Neutrinos are made in nuclear processes (think nuclear reactors and atomic explosions) and in particle accelerators. In 1998, it was observed that the three types of neutrinos could “oscillate,” which is they would change their identity, with type 1 turning into one of the other two types and then back to 1 in an endless cycle.
With the observation of neutrino oscillation, the world’s physics community turned their attention to the phenomenon. They were interested in learning such things as the speed at which the neutrinos oscillated and the rate at which a particular neutrino type turned into each of the other two. Another important parameter was the difference in the masses of the neutrino types because neutrino oscillation depends not on the specific mass of neutrinos, but rather how much they differ from one another.
Studying neutrinos became an intellectual industry. There were dozens of independent experiments telling a consistent story, each reporting similar values for the parameters being studied. Well, except for one.
The Liquid Scintillator Neutrino Detector, or LSND collaboration used a beam of neutrinos generated by the accelerator complex at the Los Alamos National Laboratory for their research. But what they found was that their measurement was inconsistent with the reports of other scientists. The only way they could make sense of their measurements was if there existed not three types of neutrinos participating in neutrino oscillations, but rather four or more.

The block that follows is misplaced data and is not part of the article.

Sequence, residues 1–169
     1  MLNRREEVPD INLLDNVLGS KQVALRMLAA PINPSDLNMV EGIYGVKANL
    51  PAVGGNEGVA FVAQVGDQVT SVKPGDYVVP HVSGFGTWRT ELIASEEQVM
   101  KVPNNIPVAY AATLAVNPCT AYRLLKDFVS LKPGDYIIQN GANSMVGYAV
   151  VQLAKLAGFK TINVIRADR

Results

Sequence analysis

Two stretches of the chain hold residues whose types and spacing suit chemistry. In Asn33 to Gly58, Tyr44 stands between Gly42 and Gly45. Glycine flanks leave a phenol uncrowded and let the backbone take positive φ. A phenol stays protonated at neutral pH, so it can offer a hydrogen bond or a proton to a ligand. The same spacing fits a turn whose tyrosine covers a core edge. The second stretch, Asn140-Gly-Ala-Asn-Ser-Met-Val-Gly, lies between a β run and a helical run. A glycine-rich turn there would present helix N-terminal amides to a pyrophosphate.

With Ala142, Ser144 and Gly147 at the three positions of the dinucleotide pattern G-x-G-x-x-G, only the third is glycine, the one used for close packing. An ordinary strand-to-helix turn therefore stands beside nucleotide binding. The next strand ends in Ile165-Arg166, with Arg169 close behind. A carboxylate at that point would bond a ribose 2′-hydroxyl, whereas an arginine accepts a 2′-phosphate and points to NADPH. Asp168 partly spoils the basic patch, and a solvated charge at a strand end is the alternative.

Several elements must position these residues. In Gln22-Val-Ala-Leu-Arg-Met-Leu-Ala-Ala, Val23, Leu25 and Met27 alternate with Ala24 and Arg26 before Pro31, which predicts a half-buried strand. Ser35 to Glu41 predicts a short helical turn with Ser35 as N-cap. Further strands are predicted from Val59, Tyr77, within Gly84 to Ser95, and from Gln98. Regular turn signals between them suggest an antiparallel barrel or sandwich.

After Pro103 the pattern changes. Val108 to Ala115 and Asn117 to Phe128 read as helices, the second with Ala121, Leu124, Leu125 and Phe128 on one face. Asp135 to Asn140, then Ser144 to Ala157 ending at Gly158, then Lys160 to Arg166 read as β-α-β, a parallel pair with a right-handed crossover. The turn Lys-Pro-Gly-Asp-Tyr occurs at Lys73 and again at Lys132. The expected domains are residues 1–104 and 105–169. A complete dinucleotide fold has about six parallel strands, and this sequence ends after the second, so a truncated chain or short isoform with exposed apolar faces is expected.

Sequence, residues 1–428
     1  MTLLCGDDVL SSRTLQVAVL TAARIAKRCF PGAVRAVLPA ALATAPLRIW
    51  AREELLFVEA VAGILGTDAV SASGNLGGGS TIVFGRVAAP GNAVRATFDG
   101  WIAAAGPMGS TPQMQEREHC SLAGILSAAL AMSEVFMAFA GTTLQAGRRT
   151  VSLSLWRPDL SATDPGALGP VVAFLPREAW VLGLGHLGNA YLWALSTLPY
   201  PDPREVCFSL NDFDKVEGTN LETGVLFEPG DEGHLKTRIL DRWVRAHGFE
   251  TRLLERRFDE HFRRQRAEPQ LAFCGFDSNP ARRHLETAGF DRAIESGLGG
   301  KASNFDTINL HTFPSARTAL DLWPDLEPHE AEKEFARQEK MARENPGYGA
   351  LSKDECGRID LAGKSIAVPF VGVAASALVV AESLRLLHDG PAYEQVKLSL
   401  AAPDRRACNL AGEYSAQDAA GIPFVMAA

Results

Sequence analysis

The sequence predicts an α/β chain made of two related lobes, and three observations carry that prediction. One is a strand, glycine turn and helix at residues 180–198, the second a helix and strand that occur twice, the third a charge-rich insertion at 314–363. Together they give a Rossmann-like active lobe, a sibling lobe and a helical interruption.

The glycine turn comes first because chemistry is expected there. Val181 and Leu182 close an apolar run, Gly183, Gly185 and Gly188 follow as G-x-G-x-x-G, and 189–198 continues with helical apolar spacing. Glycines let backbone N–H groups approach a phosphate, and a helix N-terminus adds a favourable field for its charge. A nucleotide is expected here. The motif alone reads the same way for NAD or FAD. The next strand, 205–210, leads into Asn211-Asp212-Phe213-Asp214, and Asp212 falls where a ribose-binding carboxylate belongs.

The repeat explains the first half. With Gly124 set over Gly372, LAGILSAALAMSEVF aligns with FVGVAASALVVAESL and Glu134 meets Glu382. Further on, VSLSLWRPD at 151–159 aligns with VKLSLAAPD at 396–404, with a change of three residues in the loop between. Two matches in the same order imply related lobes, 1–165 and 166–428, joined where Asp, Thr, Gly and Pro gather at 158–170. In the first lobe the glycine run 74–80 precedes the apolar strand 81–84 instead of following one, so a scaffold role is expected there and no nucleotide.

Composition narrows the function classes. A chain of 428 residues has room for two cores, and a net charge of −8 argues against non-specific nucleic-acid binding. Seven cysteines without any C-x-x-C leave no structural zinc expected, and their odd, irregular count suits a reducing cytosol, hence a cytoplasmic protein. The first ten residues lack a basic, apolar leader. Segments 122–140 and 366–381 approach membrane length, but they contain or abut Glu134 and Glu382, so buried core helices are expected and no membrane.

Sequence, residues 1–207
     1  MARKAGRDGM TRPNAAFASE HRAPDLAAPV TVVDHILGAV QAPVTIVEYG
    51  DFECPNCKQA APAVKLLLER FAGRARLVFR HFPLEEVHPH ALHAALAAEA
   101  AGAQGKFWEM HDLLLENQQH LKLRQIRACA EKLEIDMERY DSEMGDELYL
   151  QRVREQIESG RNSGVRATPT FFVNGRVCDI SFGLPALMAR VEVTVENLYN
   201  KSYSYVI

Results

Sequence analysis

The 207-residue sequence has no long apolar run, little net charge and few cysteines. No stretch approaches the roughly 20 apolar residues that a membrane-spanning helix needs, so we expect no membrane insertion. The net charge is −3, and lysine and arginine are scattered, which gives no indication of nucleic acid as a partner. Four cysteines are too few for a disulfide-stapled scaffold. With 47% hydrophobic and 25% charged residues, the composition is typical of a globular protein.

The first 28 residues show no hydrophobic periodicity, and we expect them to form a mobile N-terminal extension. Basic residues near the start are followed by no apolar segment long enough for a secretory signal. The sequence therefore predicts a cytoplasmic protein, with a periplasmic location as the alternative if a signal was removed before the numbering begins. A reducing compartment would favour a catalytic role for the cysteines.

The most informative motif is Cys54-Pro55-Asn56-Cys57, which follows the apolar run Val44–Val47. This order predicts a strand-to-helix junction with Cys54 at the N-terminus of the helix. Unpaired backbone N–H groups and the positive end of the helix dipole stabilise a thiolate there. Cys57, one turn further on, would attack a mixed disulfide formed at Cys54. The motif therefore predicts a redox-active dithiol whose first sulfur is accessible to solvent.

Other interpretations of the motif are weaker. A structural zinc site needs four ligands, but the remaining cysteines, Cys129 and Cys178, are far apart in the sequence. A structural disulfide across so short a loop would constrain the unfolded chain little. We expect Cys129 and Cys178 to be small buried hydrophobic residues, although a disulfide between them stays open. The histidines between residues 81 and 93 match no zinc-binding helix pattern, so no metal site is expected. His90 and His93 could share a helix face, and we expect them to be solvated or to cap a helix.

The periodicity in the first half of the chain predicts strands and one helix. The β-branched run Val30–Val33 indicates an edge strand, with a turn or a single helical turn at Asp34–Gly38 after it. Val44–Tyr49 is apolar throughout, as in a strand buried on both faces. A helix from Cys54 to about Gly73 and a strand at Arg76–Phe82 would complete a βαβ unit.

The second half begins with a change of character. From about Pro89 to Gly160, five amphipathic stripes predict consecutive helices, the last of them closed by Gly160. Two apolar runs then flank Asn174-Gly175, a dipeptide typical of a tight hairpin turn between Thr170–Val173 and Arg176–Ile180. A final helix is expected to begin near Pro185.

Further, these extra kinds of neutrinos were not the ordinary kind. Remember that ordinary neutrinos are affected by the weakest of the subatomic forces. These new types of neutrinos did seem to oscillate, but didn’t feel this weak force. Thus, they were called sterile neutrinos, to indicate their indifference to the forces the other neutrinos experienced.
These sterile neutrinos could have significant mass and are therefore a possible candidate for dark matter. After all, dark matter is an undiscovered particle that experiences gravity and none of the other known forces. The non-interacting sterile neutrino perfectly fits the bill.
Normally when only one experimental result differs from all of the others, it is considered to be a mistake of some sort. While rare, that sort of thing happens in frontier research – blunders can occur or sometimes it’s just a mathematical fluke.